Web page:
Texting Each Other All Day
Over the past several weeks I’ve noticed an increase in relationship readings. What never fails to dismay me is the changes that have been wrought in relationships due to our increasing reliance on technology. Don’t get me wrong, I love technology. In matters of the heart, however, a couple meets and within a day they are texting each other all day long. There is an expectation of constant communication which I think is counter-intuitive.
Relationships are like baking a hearty bread. It takes time. The speed at which relationships spark, share and turn off now takes a matter of weeks. Romance has become like fast food. Meet someone; like the flavour (appearance and superficial personality characteristics); text each other twenty times a day until you hit a snag and it’s over. Next?
I hear from men and women, “But s/he hasn’t responded to my messages in two days. What does that mean?” Back in my single days (thirty years ago), if I hadn’t heard from a guy in a couple of weeks, I just thought he must be as busy me. But now it would seem that if you haven’t heard from someone in a couple of days, it’s a dud. Like a flash fire or freeze relationships soar and die as fast as it takes to send a text message!
Too Much Information is Counter-Intuitive
All this immediate and intense communication between newly inspired couples is also counter-intuitive. How do you feel about this person? What are your dreams revealing? How would you know if you don’t give yourself some time for this exciting new attraction to settle into your psyche? Don’t assume that just because you haven’t heard from someone in a few days it’s because you didn’t make quite the stellar impression you were hoping. Instead use the silence as a much needed intuitive check in.
All relationships are getting infected by this often apparent compulsion for communication. Kids are expected to check in throughout the day so parents know where they are and what their plans are. I couldn’t imagine anything more abhorrent to me as a child than having to check in about where I am, whom I’m with and when I’d be home. They were invasive enough in my view. When I left the house in the morning for school I was happy to know I’d see mom later for dinner. Did I get into trouble? Of course I did. But most of that was no one’s business but my own and I was quite pleased to have it that way.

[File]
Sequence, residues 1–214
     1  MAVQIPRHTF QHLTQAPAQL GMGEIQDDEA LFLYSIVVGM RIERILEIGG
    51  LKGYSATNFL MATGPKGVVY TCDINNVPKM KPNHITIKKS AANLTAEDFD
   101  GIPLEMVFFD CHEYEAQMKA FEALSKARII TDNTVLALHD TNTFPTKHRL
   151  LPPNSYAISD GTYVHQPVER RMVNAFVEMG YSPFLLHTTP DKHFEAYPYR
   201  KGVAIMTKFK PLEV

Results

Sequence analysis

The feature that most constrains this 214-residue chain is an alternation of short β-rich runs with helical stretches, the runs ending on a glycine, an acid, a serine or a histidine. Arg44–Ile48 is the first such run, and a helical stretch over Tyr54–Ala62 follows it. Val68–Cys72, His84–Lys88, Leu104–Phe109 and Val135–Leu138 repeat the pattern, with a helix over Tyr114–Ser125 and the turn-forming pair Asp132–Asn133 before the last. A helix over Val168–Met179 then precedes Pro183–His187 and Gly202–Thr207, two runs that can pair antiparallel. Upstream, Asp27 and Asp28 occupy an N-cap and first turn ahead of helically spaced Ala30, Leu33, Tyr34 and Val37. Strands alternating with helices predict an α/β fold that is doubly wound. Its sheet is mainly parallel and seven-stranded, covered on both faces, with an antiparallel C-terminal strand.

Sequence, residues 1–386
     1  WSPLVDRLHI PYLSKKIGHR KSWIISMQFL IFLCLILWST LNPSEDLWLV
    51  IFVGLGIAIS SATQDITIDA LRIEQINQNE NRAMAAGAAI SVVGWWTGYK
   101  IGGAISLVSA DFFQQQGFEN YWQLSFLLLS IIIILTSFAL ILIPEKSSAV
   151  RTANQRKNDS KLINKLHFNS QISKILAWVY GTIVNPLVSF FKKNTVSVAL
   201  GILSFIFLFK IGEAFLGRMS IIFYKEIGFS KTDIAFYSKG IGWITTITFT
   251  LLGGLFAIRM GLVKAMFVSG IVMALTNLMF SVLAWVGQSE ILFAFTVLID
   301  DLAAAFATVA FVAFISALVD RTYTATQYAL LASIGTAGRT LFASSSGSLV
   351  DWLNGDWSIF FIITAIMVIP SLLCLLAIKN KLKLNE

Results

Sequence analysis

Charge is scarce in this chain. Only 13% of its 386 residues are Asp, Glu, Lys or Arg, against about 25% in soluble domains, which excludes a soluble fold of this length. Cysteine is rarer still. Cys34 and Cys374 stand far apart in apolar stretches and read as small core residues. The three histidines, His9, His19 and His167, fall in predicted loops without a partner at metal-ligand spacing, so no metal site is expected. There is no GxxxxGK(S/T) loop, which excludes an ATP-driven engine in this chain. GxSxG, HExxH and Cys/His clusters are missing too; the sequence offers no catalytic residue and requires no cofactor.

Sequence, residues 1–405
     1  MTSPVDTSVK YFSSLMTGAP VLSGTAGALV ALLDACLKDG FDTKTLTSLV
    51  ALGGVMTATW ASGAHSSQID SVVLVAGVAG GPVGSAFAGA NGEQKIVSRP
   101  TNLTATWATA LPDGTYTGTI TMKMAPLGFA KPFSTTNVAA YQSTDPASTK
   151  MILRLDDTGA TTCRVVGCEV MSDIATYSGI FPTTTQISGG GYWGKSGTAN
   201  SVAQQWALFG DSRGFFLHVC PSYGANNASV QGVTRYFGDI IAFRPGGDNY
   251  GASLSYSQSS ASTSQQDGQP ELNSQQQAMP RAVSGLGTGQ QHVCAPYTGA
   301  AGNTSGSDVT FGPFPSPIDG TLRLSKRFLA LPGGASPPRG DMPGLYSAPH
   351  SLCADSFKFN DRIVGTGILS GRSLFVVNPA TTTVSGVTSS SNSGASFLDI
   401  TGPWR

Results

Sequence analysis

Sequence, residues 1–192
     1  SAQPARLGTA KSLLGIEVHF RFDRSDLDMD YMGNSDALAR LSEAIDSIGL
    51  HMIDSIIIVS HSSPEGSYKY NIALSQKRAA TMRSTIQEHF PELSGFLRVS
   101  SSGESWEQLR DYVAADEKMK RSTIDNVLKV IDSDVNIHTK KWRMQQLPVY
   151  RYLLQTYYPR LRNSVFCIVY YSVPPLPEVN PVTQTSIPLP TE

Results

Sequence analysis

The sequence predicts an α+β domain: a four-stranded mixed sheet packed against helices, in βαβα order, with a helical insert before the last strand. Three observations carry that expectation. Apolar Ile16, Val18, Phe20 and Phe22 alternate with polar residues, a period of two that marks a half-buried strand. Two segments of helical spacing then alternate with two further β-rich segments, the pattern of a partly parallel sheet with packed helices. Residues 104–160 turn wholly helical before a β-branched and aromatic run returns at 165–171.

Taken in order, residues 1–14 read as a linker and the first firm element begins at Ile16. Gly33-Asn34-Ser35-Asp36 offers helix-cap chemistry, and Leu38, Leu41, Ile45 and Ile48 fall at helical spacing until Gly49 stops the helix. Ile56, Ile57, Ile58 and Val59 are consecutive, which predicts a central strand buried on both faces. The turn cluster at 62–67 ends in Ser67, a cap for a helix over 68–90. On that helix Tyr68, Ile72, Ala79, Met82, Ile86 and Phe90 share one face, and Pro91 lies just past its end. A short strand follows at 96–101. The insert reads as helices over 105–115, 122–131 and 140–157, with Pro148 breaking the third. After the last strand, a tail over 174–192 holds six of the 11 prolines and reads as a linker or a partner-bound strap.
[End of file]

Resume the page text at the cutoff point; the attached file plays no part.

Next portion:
Certainly people are becoming increasingly upset by how text responsive they are expected to be to their work place. “You had your blackberry turned off?”, the boss inquires severely on Monday morning as if you are turning into a pathetic loser. A slacker or derelict that can be easily replaced by a more willing and responsive servant, you need hardly be reminded.
Give the Sacredness of Your Connection Time to Grow
Boundaries and privacy are as vital to the health of a relationship as kissing. When you meet a new exciting love interest, give the sacredness of the experience time to grow. Avoid texting. If they don’t call in a couple of weeks, use the time to put your intuition to work. Too much too fast brings a natural cycle to a head too quickly. Given enough time and thought this person could be just the one you’d thrill to be with forever. Be the one to say you don’t text when you meet someone that sets your soul on fire. And stand by your conviction. If they feel compelled to text, fine but let them know you don’t do that.
Texting is too cold a medium to support a real authentic and soul connect. Remember that too much information too fast smothers and buries more relationships than it nurtures; beautiful and romantic love stories that might have flowered given more mystery, elusiveness and anticipation.